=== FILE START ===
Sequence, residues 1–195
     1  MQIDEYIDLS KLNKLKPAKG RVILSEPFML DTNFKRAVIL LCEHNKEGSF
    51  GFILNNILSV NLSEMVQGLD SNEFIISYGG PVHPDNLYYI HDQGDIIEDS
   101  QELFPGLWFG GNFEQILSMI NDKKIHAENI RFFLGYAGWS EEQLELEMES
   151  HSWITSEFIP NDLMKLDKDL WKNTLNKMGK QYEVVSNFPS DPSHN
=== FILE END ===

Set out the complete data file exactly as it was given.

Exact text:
Sequence, residues 1–195
     1  MQIDEYIDLS KLNKLKPAKG RVILSEPFML DTNFKRAVIL LCEHNKEGSF
    51  GFILNNILSV NLSEMVQGLD SNEFIISYGG PVHPDNLYYI HDQGDIIEDS
   101  QELFPGLWFG GNFEQILSMI NDKKIHAENI RFFLGYAGWS EEQLELEMES
   151  HSWITSEFIP NDLMKLDKDL WKNTLNKMGK QYEVVSNFPS DPSHN